Praise For Conservative Bible Translations

I don’t often read praise for conservative Bible translations but conservative Bible translations can have unexpected uses:

Linguists use the Bible to develop language technology for small languages reports:

Anders Søgaard and his colleagues from the project LOWLANDS: Parsing Low-Resource Languages and Domains are utilising the texts which were annotated for big languages to develop language technology for smaller languages, the key to which is to find translated texts so that the researchers can transfer knowledge of one language’s grammar onto another language:

“The Bible has been translated into more than 1,500 languages, even the smallest and most ‘exotic’ ones, and the translations are extremely conservative; the verses have a completely uniform structure across the many different languages which means that we can make suitable computer models of even very small languages where we only have a couple of hundred pages of biblical text,” Anders Søgaard says and elaborates:

“We teach the machines to register what is translated with what in the different translations of biblical texts, which makes it possible to find so many similarities between the annotated and unannotated texts that we can produce exact computer models of 100 different languages — languages such as Swahili, Wolof and Xhosa that are spoken in Nigeria. And we have made these models available for other developers and researchers. This means that we will be able to develop language technology resources for these languages similar to those which speakers of languages such as English and French have.”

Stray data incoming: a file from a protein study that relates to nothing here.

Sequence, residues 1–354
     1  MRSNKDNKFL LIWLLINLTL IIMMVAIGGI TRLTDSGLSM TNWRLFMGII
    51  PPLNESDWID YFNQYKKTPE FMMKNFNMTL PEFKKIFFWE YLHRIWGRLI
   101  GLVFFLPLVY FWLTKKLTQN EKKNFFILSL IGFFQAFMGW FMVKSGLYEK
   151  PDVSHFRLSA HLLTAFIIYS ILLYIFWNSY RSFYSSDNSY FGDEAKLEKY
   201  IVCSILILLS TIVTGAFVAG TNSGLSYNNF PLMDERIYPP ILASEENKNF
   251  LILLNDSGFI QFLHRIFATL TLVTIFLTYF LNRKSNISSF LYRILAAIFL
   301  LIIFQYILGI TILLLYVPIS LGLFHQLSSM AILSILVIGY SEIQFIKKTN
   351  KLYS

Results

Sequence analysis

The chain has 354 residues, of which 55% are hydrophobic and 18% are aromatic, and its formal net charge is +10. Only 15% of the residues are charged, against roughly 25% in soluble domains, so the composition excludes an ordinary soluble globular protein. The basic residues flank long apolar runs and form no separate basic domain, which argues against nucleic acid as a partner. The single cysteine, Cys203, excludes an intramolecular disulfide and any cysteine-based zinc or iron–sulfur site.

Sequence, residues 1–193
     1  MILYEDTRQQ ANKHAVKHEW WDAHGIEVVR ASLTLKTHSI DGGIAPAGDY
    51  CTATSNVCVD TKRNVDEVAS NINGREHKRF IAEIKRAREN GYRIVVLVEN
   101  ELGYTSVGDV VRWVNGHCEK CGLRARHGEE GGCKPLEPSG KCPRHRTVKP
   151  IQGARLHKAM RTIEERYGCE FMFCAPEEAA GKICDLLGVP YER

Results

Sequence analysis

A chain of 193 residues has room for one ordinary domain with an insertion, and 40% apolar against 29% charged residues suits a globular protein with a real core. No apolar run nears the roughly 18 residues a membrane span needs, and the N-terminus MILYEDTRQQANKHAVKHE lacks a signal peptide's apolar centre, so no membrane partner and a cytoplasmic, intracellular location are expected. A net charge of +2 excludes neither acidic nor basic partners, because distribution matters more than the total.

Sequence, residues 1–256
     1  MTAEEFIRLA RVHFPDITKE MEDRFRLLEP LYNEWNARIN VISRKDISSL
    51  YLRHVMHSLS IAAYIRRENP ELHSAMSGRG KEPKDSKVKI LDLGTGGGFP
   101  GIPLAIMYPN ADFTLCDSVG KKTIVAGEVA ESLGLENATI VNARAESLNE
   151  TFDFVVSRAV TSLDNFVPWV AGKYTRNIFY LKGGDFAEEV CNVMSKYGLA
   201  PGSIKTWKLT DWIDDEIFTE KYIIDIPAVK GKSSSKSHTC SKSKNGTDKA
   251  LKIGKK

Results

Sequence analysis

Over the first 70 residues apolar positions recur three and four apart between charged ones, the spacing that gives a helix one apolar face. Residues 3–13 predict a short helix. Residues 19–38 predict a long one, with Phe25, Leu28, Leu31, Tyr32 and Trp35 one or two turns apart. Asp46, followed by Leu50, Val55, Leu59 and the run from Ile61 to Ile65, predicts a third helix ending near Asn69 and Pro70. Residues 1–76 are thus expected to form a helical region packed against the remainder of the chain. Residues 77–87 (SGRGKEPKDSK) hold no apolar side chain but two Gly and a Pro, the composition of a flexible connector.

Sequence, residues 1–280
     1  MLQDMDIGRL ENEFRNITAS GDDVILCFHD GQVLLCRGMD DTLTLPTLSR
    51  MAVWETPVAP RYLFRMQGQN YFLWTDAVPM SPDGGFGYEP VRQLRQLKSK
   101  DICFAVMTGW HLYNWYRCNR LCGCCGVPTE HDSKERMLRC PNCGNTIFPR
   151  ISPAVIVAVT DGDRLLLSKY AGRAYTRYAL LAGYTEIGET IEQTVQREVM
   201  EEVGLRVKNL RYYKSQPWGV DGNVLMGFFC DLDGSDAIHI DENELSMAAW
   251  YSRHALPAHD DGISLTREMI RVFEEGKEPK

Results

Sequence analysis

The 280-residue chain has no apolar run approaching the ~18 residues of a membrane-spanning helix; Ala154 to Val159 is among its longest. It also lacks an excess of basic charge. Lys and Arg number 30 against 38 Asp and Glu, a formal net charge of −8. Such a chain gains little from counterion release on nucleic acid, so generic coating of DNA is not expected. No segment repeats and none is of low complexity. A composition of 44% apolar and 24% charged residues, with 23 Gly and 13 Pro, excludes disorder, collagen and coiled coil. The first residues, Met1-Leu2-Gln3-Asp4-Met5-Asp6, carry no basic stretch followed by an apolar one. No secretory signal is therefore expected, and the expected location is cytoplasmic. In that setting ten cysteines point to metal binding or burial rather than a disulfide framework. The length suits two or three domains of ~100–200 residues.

Anders Søgaard and his colleagues have recently presented their results in the article ‘”If you all you have is a bit of the Bible” at the conference Annual Meeting of the Association of Computational Linguistics.

The abstract for the paper: If all you have is a bit of the Bible: Learning POS taggers for truly low-resource languages reads:

We present a simple method for learning part-of-speech taggers for languages like Akawaio, Aukan, or Cakchiquel – languages for which nothing but a translation of parts of the Bible exists. By aggregating over the tags from a few annotated languages and spreading them via word-alignment on the verses, we learn POS taggers for 100 languages, using the languages to bootstrap each other. We evaluate our cross-lingual models on the 25 languages where test sets exist, as well as on another 10 for which we have tag dictionaries. Our approach performs much better (20-30%) than state-of-the-art unsupervised POS taggers induced from Bible translations, and is often competitive with weakly supervised approaches that assume high-quality parallel corpora, representative monolingual corpora with perfect tokenization, and/or tag dictionaries. We make models for all 100 languages available.

All of the resources used in this project, along with their models, can be found at:

Don’t forget conservative Bible translations if you are doing linguistic models.

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